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Red Lights ( Feux rouges ) [DVD]

Jean-Pierre Darroussin , Carole Bouquet , Cédric Kahn    Suitable for 15 years and over   DVD
3.4 out of 5 stars  See all reviews (17 customer reviews)
Price: £22.69 & FREE Delivery in the UK. Details
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Product details

  • Actors: Jean-Pierre Darroussin, Carole Bouquet, Vincent Deniard, Alain Dion, Olivier Fornara
  • Directors: Cédric Kahn
  • Format: PAL
  • Language: French
  • Subtitles: English
  • Region: Region 2 (This DVD may not be viewable outside Europe. Read more about DVD formats.)
  • Aspect Ratio: 16:9 - 1.85:1
  • Number of discs: 1
  • Classification: 15
  • Studio: AV Channel
  • DVD Release Date: 7 Dec 2005
  • Run Time: 105 minutes
  • Average Customer Review: 3.4 out of 5 stars  See all reviews (17 customer reviews)
  • ASIN: B000CIXFWU
  • Amazon Bestsellers Rank: 217,089 in DVD & Blu-ray (See Top 100 in DVD & Blu-ray)

Reviews

Australia released, PAL/Region 0 DVD: LANGUAGES: French ( Dolby Digital 5.1 ), English ( Subtitles ), ANAMORPHIC WIDESCREEN (1.85:1), SPECIAL FEATURES: Cast/Crew Interview(s), Interactive Menu, Trailer(s), SYNOPSIS: This brilliant, sinister French thriller is a twisty road movie in which every sign points toward catastrophe. As night falls during the journey of an unhappily married couple from Paris to Bordeaux, the clogged highway takes them into descending levels of psychosexual hell. Jean-Pierre Darroussin's Antoine is a mousy, balding insurance salesman who hates his job, and resents his more successful wife, a sleek corporate lawyer. The movie is a study of male passive-aggression that comes up with a malicious Hemingway-esque solution to Antoine's masculinity crisis. When his wife, fed up with his drinking on the road, deserts him to take the train, he picks up a hitchhiker he knows might be a dangerous escaped convict, and courts the redemptive (and grisly) male rite of passage he's been seeking. Following Jean-Luc Godard's "Weekend" and Claire Denis's "Friday Night," "Red Lights" uses the traffic jam as a potent screen metaphor for something bigger. SCREENED/AWARDED AT: Berlin International Film Festival, ...Red Lights ( Feux rouges )

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Customer Reviews

Most Helpful Customer Reviews
5 of 5 people found the following review helpful
5.0 out of 5 stars Red Lights 8 April 2009
By MarkusG
Format:DVD|Verified Purchase
Very tight thriller about a couple driving to meet their children at summer camp. Actually, more than that shouldn't be said about the plot as it can spoil the viewing. Very suspenseful and captivating all the way through. The camera work and acting is excellent. Not exactly a realist movie, but rather a psychological drama based on a book by Georges Simenon. Recommended, if you like an intelligent and not too predictable suspense movie!
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9 of 10 people found the following review helpful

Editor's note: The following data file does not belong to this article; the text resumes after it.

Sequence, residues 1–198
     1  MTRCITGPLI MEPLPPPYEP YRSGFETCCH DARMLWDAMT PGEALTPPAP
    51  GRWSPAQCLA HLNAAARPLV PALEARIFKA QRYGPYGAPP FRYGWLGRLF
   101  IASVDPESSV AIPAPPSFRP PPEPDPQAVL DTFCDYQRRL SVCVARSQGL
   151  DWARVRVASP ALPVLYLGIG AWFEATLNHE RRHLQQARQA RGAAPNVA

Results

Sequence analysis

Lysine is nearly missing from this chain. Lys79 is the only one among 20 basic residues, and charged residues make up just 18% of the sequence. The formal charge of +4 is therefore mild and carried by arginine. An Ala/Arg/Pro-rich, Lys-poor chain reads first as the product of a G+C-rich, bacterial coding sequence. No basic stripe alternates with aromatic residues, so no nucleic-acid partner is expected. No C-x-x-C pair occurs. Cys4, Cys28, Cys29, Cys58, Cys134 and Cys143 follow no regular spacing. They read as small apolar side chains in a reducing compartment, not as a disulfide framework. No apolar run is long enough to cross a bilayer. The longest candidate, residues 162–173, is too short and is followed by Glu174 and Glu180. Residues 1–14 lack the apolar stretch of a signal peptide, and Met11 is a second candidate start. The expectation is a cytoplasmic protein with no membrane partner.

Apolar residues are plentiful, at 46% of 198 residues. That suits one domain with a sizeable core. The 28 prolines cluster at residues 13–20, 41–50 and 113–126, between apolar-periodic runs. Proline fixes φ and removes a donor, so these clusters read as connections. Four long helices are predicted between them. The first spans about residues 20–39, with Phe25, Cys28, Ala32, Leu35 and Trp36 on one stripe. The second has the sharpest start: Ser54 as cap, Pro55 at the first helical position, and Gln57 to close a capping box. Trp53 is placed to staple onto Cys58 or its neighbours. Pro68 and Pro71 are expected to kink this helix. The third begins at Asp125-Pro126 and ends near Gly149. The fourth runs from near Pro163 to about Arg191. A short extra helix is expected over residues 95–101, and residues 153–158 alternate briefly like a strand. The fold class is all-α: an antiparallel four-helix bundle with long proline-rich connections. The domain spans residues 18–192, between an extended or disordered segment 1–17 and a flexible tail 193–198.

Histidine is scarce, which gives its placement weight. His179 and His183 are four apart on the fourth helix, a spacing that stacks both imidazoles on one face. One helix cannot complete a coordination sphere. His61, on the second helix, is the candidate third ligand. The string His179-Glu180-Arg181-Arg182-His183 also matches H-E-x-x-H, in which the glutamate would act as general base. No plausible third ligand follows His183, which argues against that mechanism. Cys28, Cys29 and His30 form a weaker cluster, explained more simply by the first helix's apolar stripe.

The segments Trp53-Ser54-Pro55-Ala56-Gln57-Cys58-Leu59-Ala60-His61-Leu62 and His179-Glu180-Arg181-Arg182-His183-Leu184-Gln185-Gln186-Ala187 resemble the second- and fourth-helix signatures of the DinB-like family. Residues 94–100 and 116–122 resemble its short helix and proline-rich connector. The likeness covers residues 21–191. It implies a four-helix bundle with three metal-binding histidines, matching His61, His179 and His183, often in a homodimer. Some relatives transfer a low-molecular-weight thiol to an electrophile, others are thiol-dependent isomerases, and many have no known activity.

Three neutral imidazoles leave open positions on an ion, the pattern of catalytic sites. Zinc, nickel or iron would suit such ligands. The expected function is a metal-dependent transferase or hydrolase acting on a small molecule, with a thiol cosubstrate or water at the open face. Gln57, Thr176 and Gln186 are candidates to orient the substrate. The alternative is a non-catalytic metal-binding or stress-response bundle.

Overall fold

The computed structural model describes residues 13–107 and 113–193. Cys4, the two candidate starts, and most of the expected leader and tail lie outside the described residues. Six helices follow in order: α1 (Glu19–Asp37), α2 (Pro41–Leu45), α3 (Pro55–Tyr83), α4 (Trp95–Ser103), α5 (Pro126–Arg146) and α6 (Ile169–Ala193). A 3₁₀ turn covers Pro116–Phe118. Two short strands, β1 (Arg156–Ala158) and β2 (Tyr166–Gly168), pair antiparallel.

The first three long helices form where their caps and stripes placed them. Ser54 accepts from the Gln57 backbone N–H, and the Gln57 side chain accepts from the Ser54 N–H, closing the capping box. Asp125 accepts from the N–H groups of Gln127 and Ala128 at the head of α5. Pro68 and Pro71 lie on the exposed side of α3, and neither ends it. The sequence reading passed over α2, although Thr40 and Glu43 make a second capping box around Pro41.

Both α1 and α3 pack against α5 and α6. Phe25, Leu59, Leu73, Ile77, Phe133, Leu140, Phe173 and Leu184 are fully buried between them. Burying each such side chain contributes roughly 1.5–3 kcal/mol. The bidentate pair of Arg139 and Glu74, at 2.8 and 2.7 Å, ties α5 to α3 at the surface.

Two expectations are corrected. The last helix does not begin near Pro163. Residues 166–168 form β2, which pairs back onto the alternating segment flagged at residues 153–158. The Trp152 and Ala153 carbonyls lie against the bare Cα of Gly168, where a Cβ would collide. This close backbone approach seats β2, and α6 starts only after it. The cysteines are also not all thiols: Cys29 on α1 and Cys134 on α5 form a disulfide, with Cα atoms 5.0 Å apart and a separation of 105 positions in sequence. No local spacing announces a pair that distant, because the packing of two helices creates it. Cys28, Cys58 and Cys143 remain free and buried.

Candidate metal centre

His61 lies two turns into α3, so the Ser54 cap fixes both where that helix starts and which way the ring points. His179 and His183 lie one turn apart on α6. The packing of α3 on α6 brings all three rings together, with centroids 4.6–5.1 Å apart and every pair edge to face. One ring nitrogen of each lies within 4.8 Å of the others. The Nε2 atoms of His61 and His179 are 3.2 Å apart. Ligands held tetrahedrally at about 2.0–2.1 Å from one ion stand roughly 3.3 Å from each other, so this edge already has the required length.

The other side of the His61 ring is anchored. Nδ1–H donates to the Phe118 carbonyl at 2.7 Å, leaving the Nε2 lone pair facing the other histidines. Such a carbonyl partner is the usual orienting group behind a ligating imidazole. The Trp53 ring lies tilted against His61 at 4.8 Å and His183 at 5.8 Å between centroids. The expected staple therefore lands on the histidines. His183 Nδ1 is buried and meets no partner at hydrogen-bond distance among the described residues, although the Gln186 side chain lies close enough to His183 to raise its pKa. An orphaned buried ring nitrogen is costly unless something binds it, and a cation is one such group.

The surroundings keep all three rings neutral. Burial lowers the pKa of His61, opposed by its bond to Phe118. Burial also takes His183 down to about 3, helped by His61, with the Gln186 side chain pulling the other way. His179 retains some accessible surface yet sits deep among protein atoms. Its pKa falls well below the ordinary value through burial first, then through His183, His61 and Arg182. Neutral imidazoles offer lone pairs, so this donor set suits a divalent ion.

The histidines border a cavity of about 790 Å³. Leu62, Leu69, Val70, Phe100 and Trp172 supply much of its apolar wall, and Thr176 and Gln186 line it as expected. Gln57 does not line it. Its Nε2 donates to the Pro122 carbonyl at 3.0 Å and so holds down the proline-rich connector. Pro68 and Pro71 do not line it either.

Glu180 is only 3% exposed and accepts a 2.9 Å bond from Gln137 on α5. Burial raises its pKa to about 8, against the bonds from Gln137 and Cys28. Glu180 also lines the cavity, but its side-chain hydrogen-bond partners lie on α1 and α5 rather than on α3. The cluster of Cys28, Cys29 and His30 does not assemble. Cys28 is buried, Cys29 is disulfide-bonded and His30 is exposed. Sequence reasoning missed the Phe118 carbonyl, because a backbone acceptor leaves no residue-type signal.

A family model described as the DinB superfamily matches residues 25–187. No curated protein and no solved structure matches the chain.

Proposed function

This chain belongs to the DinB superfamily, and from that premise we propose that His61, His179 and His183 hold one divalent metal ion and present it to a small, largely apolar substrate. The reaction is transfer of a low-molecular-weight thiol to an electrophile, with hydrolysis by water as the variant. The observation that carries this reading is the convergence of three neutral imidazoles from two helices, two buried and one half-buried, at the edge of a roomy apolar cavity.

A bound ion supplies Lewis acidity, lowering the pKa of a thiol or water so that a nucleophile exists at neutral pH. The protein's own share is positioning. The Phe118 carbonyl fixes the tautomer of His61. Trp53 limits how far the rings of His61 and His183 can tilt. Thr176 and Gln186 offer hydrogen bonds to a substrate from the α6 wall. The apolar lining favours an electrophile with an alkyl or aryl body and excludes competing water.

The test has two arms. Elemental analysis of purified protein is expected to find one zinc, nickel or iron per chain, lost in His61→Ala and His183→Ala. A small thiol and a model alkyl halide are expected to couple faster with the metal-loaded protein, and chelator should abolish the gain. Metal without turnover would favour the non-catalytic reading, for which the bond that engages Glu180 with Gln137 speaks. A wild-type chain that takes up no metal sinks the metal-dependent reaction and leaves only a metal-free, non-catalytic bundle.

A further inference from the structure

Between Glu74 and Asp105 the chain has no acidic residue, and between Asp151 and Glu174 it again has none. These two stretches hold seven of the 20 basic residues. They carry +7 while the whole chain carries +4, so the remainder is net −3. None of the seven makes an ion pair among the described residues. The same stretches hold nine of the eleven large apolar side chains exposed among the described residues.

4.0 out of 5 stars Superb acting in complex mid life crisis drama. 12 Jan 2006
By Amazon Customer TOP 1000 REVIEWER
Format:DVD
Darroussin is totally committed to the extremely difficult role of Antoine, in the midst of a suppressed mid life crisis that erupts out of control as he and his wife Helene (Bouquet) drive to the south of France to collect their children from a holiday camp.
Darroussin is on screen for virtually the entire movie, and for over half the film Antoine’s problems are unspoken and have to be acted more or less silently, by superb acting Darroussin achieves this as far as is possible, but there is no doubt it is a scenario that cannot fully succeed as a film, it requires the printed page to delve right inside of the characters mind. However in the second half there is a number of twists and dramatic turns building up tension to a conclusion that I found a little unconvincing, a resolution that what would have happened over a period of months, not immediately as written.
The photography is beautifully clean and sharp, and using Debussy’s “Nuage” as background music was an inspiration.
The DVD contains very long interviews with both Darroussin and Bouquet, both of whom are incredibly articulate and intelligent actors, these interviews are a highlight in themselves.
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1 of 1 people found the following review helpful
4.0 out of 5 stars The road to Hell 5 May 2006
By Trevor Willsmer HALL OF FAME TOP 100 REVIEWER
Format:DVD|Verified Purchase
Jean-Pierre Darrousin may well be the best actor working in France today, and he's at the top of his game in a rare lead in Cedric Kahn's satisfying Simenon thriller Red Lights/Feux Rouges. Just as well, because he needs to be to sell the idea that he's been married to Carole Bouquet for 12 years (he's a great actor, but no Brad Pitt). With its sinister opening overhead shots of ant-like silhouettes wandering over modern architecture, its shots of an equally unreal freeway populated only by gliding vehicles and its use of a Claude Debussy composition that was clearly an inspiration on Bernard Herrmann's scores, it creates an atmosphere of almost disembodied isolation that's the perfect setting for its potentially hackneyed drama of an arguing husband and wife who are separated after taking an unwise detour on the very night a homicidal convict has escaped from a nearby prison. There are contrivances, but they're at least logical ones, and the film doesn't always head off in the directions you expect it to. But even when it does, it's the execution and the performances which raise the bar here. Neither a masterpiece nor a potential classic, its nonetheless a very welcome and gratifyingly well-crafted road trip.

Extras include a trio of in-depth interviews with director and stars, as well as the theatrical trailer.
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9 of 11 people found the following review helpful
4.0 out of 5 stars Red Lights review 25 Oct 2005
By A Customer
Format:DVD
A really creepy film, very good at subtle creation of suspense throughout. Short on dialogue and heavy with atmosphere, which works. Very French... subtitles don't inhibit anything. Worth seeing.